We tend to use generic terms (note how they never say arousal, orgasm, etc.), which means that they could claim they were implying that she should reach orgasm, since it did say to meet each other’s sexual needs. But it would be really easy to read that article and come away with the idea that the lower libido wife, even if she never reaches orgasm, should be having sex more; not that the higher libido husband had to figure out how to bring her to orgasm. After all, what do “sexual needs” really mean?

That’s what we’re trying to do in The Great Sex Rescue: reframe sex so that BOTH people’s experiences are prioritized. Biblically, sex is MUTUAL, INTIMATE, and PLEASURABLE for both. A good sex life isn’t one where intercourse happens frequently. It’s one where both people regularly reach orgasm and where both feel intimate and cherished.

The Great Sex Rescue

Changing the conversation about sex & marriage in the evangelical church.

What if you’re NOT the problem with your sex life?

What if the things that you’ve been taught have messed things up–and what if there’s a way to escape these messages?

Welcome to the Great Sex Rescue.

When we talk about prioritizing our sex lives, I would like the church to address the orgasm gap FIRST, before we talk about frequency.

The fact that we are so silent about the orgasm gap is telling. What would happen if we stressed the importance of women’s orgasms as much as we did men’s frequency? We’d change the whole emphasis!

Why Women Don't Want Sex

Again–I’m not saying that your sex life is inadequate if you never reach orgasm, or that you’ve failed. So many couples take a long time to get there! And as we found in The Great Sex Rescue, so many women believe things that artificially lower their orgasm rates. You’ve likely grown up in a church culture that has taught you things that have made it much harder for you to reach orgasm, and that is not your fault. 

The good news is that you can get over that! And if you want more help, our orgasm course goes into depth on how to reframe how you see sex and orgasm, and different techniques that can help you reach it!

And if you’re a guy and you are frustrated that your wife doesn’t want sex more, here’s an exercise to take you through to see if you may be contributing to the problem at all (you may not be; but it’s good to check first). 

Another one of my goals for The Great Sex Rescue was to help you all become discerning when you read marriage & sex advice.

Next time you hear someone talk about the importance of “prioritizing your sex life”, listen to what they’re saying. Are they emphasizing women’s orgasm as much as they’re pressuring women to give men more sex? Are they mentioning the importance of making sure that sex is great for both of you BEFORE you start talking about spicing things up or frequency? Because if not, the emphasis is off, and we need to do a course correction.

What Does It Mean to Prioritize Your Sex Life?
Sheila Wray Gregoire

Sheila Wray Gregoire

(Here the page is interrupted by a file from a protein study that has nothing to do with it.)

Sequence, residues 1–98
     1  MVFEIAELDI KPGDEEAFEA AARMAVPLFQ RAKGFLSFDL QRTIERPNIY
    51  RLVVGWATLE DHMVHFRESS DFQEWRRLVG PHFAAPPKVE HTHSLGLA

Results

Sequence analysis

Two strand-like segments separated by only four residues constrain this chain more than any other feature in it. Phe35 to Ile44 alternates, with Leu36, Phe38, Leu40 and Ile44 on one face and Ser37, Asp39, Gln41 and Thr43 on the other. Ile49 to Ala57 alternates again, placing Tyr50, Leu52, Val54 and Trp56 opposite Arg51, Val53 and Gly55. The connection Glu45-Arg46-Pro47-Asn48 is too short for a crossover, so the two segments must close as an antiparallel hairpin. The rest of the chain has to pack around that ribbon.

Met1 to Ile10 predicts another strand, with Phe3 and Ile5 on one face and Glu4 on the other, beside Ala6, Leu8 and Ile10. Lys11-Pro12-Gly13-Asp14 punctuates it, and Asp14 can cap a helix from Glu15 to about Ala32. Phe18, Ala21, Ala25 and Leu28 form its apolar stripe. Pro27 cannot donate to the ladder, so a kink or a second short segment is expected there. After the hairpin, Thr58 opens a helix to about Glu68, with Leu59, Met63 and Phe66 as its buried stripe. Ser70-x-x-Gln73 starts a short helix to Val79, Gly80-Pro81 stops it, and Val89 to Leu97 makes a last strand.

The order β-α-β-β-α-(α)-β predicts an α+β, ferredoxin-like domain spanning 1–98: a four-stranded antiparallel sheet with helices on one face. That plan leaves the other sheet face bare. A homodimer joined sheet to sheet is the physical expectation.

Founder of To Love, Honor and Vacuum

Sheila is determined to help Christians find biblical, healthy, evidence-based help for their marriages. And in doing so, she's turning the evangelical world on its head, challenging many of the toxic teachings, especially in her newest book The Great Sex Rescue. She’s an award-winning author of 8 books and a sought-after speaker. With her humorous, no-nonsense approach, Sheila works with her husband Keith and daughter Rebecca to create podcasts and courses to help couples find true intimacy. Plus she knits. All the time. ENTJ, straight 8

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Sheila Wray Gregoire

Author at Bare Marriage

Sheila is determined to help Christians find biblical, healthy, evidence-based help for their marriages. And in doing so, she's turning the evangelical world on its head, challenging many of the toxic teachings, especially in her newest book The Great Sex Rescue. She’s an award-winning author of 8 books and a sought-after speaker. With her humorous, no-nonsense approach, Sheila works with her husband Keith and daughter Rebecca to create podcasts and courses to help couples find true intimacy. Plus she knits. All the time. ENTJ, straight 8

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17 Comments

  1. Jo R

    Since men basically orgasm every time they have any kind of sexual encounter, it’s not surprising that they advise more frequent sex. OF COURSE men will always give this advice. Whether that’s subconscious, a complete lack of empathy to how too many women experience sex, or sheer ignorance is irrelevant.

    What would be wonderful is for a male author or pastor to give the guys a severe reality check:

    “Gentlemen, suppose that it takes you ten minutes to orgasm, and that every time you have sex with your wife, she stops proceedings one minute in, tells you it was great for her and hopes it was great for you, and rolls over to go to sleep. When you hear in a sermon or read in a book that happy couples have sex more often, would you want more of THIS experience? Night after night, every single time, you barely get going, then it’s over.